Indonesia Expat
Observations

Car-Free Sunday: To Be or Not to Be

Every Sunday morning, I go to Car-Free Sunday on Sudirman for my weekly distance run. It is the only time in the week where I can leave the treadmill behind and run outside in a pedestrian-friendly environment. I have enjoyed seeing the city from this point of view, however at the end of Ramadhan, Car-Free Sunday was not car-free and I was run over by a motorbike.

For those of you who stayed around this summer and ran, walked, biked or hung out with the kids on Sudirman during Car-Free Sunday, you know how blissful it was. There was barely anybody there, no parade, no loud music, nobody crossing without looking, just a few of us and the street. On Sunday August 16th, I parked near Grand Lucky as I usually do and geared up for a 22km run. To my surprise, Car-Free Sunday was not car-free that day. I stood up there for a few minutes watching the scene; there was no sign anywhere saying Car-Free Sunday was cancelled and there were hundreds of people walking, running and biking with a few cars in between.

Despite the fact that thousands of people had taken over the street, cars and motorbikes were passing by full speed on the already hazardous Jl. Sudirman. Policemen were driving by on motorbikes trying to show people out and make way for cars. I hesitated for a moment, but then decided that there were so many people on the street, they would have no choice but to close the street off. Oh, how wrong was I?

I ran all the way down to the infamous Pizza-man and then up to the H.I. roundabout. The sun was starting to come out, it was getting hot very fast, making it difficult to put one foot in front of the other. Then, it happened. One second I was up and running, the next something was dragging me down on the tarmac and rolled over my leg. I had no idea what had just happened to me. I looked behind and didn’t see anything, then tried to stand up and get out of the street. People were yelling while others stared.

Finally, a group of runners came to my aid. Everything was a bit blurry but I noticed the motorbike driver had been stopped by some people and everybody was screaming. I pictured them saying: “A bule down! A bule down!” A guy was trying to give me a massage on what I thought was a broken leg. I remember looking at my Garmin watch to make sure it was intact. I calmly paused it, probably thinking I would finish my race after the commotion, then I politely but firmly told the massage man not to touch my leg and told the motorbike driver who hadn’t stopped yelling since he had hit me, and who was probably blind not to see me with my outrageously flashy pink top and my orange and yellow shoes, to stop being hysterical and start by apologizing, which he did.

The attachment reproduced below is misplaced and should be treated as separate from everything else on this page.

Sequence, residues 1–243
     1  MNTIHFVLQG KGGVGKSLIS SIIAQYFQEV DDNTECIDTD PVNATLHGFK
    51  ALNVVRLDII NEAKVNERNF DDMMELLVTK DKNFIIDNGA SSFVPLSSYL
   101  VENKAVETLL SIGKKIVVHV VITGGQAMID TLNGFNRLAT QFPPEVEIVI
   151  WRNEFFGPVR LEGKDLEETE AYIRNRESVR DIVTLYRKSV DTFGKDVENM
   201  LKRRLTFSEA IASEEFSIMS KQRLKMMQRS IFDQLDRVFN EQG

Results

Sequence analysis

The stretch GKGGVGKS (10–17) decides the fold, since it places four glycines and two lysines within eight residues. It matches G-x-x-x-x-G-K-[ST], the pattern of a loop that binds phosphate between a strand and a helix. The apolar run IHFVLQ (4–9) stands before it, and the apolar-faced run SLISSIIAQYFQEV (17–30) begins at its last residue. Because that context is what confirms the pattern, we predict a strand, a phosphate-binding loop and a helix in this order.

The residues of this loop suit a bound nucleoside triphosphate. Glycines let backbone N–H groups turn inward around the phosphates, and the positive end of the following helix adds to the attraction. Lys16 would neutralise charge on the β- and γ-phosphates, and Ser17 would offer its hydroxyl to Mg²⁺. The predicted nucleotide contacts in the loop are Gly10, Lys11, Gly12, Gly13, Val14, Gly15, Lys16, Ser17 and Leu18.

I didn’t have my phone with me, so I couldn’t contact my husband who was waiting for me at FX Mall with my daughter. I had run about nine of the 22 km I had planned to run, and thought for a second about finishing it. I stood up and contemplated the idea for a while when someone passed by yelling. “Hey! You are bleeding!” I looked down and I was indeed bleeding everywhere and was looking miserable. I decided to go back.

I started to walk. I walked for about 500m and figured it would take me more than one hour to get back at this pace, so I started to jog slowly and ended up increasing the pace. I guess you could say I decided to keep running after being hit by a motorbike. It reminded me of the story of a guy who was hit by lightning, kept running and won a marathon or something like that.

I tell the story in a funny way, now that I have been told by specialists that my leg is going to be fine, but for a few weeks after that encounter, I was convinced I would never run again. OK, I was being a bit dramatic, but hey!

I contacted the Car-Free Day organization to understand a bit more about who is behind this organization and why sometimes the street is closed and sometimes not, and mainly where to get the information from before heading there. They have been very candid: resources are limited for this event, although the security of thousands of people is on the line. Here is what they had to say.

Car-free day questions and answers with Muhamad Irawan, Head of Public Relation, Info Car-Free Day.

What is Car-Free Sunday and when did it start?

Car-Free Day in Jakarta takes place every Sunday morning, between 6am and 11am. During that time, motorized vehicles (apart from buses) are barred from entering the capital’s busiest street, Jalan Sudirman, from Monas to Senayan. It is the only moment where the citizens of Jakarta can get some sort of fresh air and practice sports or just be outside. It attracts about 10,000 people every week. Car-Free Day started in 2007 where it took place three times a year. Then in 2008, it took place once a month. Between 2009 and 2011 it became three times a month. It has been every Sunday since 2012, well, almost.

What organization is behind Car-Free Day?

Jakarta Transportation Agency (DKI Jakarta).

What are the biggest challenges of holding a car-free day in Jakarta? 

Stopping incoming traffic, managing street vendors, managing lanes of bikers, runners and walkers.

Who determines if Car-Free Sunday is on or not and where can we get the information?

Jakarta Transportation Agency holds a meeting every Tuesday and invents different participants’ organizations. This is where it is decided if there will be a car-free day or not. Because we are lacking in resources, the only way to know is to consult our website or Twitter account a few days before.

Anything else we should know about Car-Free Day?

Aside from the main event, there are also car-free days in different areas of the city. These events are not well advertised and sometimes punctual, but as an example, Jl. Cipete Raya is closed to cars on most Sunday mornings.

Website: http://www.infocarfreeday.net/

Twitter: @CFDinfo

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